Chondroitin/dermatan sulfate is a highly complex linear polysaccharide ubiquitously found in the extracellular matrix and at the cell surface. Several of its functions, such as binding to growth factors, are mediated by domains composed of alternating iduronic acid and 4-O-sulfated N-acetylgalactosamine residues, named 4-O-sulfated iduronic acid blocks. These domains are generated by the action of two DS-epimerases, which convert D-glucuronic acid into its epimer L-iduronic acid, in close connection with 4-O-sulfation. In this study, dermatan sulfate structure was evaluated after downregulating or increasing dermatan 4-O-sulfotransferase 1 (D4ST-1) expression. SiRNA-mediated downregulation of D4ST-1 in primary human lung fibroblasts led to a drastic specific reduction of iduronic acid blocks. No change of epimerase activity was found, indicating that the influence of D4ST-1 on epimerization is not due to an altered expression level of the DS-epimerases. Analysis of the dermatan sulfate chains showed that D4ST-1 is essential for the biosynthesis of the disulfated structure iduronic acid-2-O-sulfate-N-acetylgalactosamine-4-O-sulfate, thus confirmed to be strictly connected with the iduronic acid blocks. Also the biologically important residue hexuronic acid-N-acetylgalactosamine-4,6-O-disulfate considerably decreased after D4ST-1 downregulation. In conclusion, D4ST-1 is a key enzyme and is indispensable in the formation of important functional domains in dermatan sulfate and cannot be compensated by other 4-O-sulfotransferases.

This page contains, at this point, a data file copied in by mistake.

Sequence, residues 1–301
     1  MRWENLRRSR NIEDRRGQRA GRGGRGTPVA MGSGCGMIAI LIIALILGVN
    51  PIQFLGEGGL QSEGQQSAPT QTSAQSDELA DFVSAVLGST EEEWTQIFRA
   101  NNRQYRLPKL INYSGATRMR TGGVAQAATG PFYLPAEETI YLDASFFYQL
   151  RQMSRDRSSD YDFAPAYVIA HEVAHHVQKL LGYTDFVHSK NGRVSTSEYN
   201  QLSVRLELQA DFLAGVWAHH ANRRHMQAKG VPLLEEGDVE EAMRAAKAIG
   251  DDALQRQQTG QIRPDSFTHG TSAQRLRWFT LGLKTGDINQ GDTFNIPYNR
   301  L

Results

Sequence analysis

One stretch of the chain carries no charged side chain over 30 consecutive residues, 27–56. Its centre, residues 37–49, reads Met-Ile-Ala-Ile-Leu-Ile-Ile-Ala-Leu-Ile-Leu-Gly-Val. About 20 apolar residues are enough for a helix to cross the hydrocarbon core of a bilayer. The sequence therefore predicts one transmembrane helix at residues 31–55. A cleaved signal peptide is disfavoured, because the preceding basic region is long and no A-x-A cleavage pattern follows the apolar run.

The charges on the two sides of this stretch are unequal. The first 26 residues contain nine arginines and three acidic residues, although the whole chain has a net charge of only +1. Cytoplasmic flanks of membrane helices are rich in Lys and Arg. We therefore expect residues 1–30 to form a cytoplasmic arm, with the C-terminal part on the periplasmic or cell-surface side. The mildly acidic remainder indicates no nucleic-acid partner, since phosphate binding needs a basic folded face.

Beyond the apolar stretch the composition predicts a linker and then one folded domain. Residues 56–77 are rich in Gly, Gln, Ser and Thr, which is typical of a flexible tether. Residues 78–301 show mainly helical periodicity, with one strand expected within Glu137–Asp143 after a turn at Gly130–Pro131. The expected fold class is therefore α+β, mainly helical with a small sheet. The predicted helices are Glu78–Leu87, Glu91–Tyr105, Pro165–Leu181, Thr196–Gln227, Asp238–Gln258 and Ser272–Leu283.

Subject classification (UKÄ)
- Biochemistry and Molecular Biology